I erased my Mac & now it won't start. What do I do?

I recently erased my Mac to start fresh, but now it won’t turn on at all. I’ve tried holding down the power button, but nothing happens. I desperately need help because I have important files that I need to recover. Any suggestions on how to fix this?

So you erased your Mac and now it’s basically a paperweight? Well, that’s a bummer, but what did you expect messing around with the system like that? You might’ve corrupted the startup disk or something.

You could try starting up in Recovery Mode (hold Cmd + R when turning it on) and see if you can reinstall macOS from there. If nothing works and you care about those “important files,” it’s ironic isn’t it, given you erased your Mac in the first place?

As for recovering data, Disk Drill for Mac is one option, but it’s not miracle software. Sure, it’s good for recovering deleted files and it’s user-friendly. But it’s also kind of slow sometimes, and can be pricey if you need all the features. Here’s an article, https://www.handyrecovery.com/best-data-recovery-software-for-mac/, to figure out which recovery software might suit your needs best. Good luck, you’ll need it.

It sounds like you’ve erased your Mac’s startup disk, which is why it won’t turn on. Let’s go through some steps to troubleshoot and potentially recover your files.

  1. Check Power and Connections: Ensure your Mac is properly connected to power and that the power cable is securely connected. Try using a different power outlet or cable if available.

  2. Reset NVRAM/PRAM:

    • Shut down your Mac.
    • Turn it on and immediately press and hold Option + Command + P + R.
    • Hold for about 20 seconds, then release.
  3. Attempt Safe Mode Boot:

    • Restart your Mac.
    • Immediately press and hold the Shift key.
    • Release the Shift key when you see the login window.

    If Safe Mode doesn’t work, it’s possible that the system isn’t even getting to the point where it can check for Safe Mode.

  4. Internet Recovery Mode:

    • Shut down your Mac.
    • Turn it on and immediately press and hold Command + Option + R until you see the spinning globe or Apple logo.
    • Follow the onscreen instructions to reinstall macOS.
  5. Check Disk Utility:

    • Boot into Recovery Mode (Command + R on startup).
    • Select Disk Utility.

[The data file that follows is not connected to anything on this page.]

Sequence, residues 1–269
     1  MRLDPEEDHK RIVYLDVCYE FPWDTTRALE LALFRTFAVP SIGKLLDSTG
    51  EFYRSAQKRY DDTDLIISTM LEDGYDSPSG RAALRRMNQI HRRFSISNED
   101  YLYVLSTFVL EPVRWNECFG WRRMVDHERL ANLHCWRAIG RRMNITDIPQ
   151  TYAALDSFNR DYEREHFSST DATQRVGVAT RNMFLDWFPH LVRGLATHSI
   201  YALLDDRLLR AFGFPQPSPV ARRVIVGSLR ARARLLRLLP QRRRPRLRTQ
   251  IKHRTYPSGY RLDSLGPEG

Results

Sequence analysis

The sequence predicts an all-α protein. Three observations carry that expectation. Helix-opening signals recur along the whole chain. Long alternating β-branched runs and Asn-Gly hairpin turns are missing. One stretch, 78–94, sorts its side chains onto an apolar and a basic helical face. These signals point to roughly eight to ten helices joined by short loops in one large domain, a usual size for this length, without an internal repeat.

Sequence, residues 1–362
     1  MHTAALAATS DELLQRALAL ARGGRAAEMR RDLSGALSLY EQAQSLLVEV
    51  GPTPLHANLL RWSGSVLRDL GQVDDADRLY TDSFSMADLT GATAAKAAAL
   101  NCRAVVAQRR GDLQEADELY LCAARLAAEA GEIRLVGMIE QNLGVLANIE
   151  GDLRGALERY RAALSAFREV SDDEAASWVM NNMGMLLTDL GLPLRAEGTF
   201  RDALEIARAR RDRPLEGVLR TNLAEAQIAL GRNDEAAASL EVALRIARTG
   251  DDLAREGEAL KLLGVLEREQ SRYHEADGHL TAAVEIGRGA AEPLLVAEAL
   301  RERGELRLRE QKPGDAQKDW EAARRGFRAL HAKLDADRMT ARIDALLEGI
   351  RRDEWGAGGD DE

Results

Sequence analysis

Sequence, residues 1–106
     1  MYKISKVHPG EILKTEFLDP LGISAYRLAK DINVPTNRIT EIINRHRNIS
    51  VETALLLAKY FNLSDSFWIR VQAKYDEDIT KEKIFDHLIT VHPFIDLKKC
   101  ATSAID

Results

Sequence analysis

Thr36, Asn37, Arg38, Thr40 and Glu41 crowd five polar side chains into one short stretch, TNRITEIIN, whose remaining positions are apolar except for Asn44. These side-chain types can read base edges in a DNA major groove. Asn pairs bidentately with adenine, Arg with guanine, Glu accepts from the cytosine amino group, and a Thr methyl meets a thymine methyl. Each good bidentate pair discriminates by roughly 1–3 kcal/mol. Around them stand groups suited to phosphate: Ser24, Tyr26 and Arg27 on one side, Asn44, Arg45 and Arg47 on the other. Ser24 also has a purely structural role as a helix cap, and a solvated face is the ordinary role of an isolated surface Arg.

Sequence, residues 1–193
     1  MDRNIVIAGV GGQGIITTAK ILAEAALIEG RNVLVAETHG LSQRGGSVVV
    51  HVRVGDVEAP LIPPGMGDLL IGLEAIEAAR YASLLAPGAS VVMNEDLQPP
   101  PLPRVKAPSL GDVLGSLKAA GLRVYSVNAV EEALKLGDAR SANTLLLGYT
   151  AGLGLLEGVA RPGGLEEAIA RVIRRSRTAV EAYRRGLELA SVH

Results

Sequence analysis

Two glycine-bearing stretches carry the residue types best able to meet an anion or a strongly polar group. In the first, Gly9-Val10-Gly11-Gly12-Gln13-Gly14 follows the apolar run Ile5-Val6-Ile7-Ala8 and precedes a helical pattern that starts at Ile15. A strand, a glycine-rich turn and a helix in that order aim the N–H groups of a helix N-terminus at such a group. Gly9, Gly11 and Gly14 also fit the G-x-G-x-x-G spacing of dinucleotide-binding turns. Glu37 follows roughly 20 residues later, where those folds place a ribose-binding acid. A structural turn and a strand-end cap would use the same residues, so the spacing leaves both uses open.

• Check if your internal disk appears and run First Aid.

If your disk appears and can be repaired, try reinstalling macOS again. However, if it doesn’t show up, your disk might have failed, or you could be facing a hardware issue.

Since you need to recover important files:

  1. Use Data Recovery Software:
    • If you have access to another Mac, you can remove your Mac’s internal drive and connect it externally using a SATA/USB adapter or enclosure.
    • Alternatively, you can use software like Disk Drill (Download Disk Drill for Mac users here https://www.cleverfiles.com/disk-drill-mac.html) to recover the data if you can boot into an external macOS environment.

For using Disk Drill:

  • Download Disk Drill on another Mac.
  • Connect your Mac’s drive externally.
  • Run Disk Drill and select the external drive for scanning.
  • Follow the on-screen instructions to recover your files.

Note: If you’re not comfortable opening up your Mac, it’s best to take it to an Apple Store or a certified repair center. They can extract the data more safely for you.

If the drive is fine but the system won’t boot, reinstalling macOS using Internet Recovery generally works. If there’s significant data loss, data recovery tools like Disk Drill are invaluable for bringing back lost files before you perform any new installations.

Good luck!

Ugh, that’s a super frustrating situation. I’ve been there before. First off, I hate to break it to you, but you might be looking at a bigger issue if it won’t even turn on. Try resetting the SMC or NVRAM, sometimes that helps. As for data recovery, Disk Drill for Mac can be kinda hit or miss, so don’t get your hopes too high. Anyway, if you have an Apple Store nearby, it might be worth hitting them up. They might be able to at least help you get the machine running again. Good luck, bud.

Oh man, been there! If your Mac won’t start at all after you’ve erased it, it could be a few things. First, let’s rule out some basic stuff:

  1. Check power connections: Ensure the power adapter is plugged in correctly and that the outlet works.
  2. Force restart: Hold down the power button for 10 seconds to force a restart. If it’s a newer MacBook with the Touch Bar, instead hold down the Touch ID button.

If the power steps don’t work, try starting in Recovery Mode. Turn off your Mac, then hold Command (⌘) + R while turning it back on. This should open the macOS Utilities. From here, you might be able to reinstall macOS or use Disk Utility to see if anything is up with your disk.

If you’re worried about your files, you might be in sticky waters since you erased the drive. However, all is not lost. Disk Drill for Mac is a solid option for recovering files from a drive that’s been formatted or erased. It’s worked for me before. Check out this review for more info on it: Independent Disk Drill Review.

But remember, the more you fiddle with the disk, the higher the chance you might overwrite important data, so use the recovery tools carefully!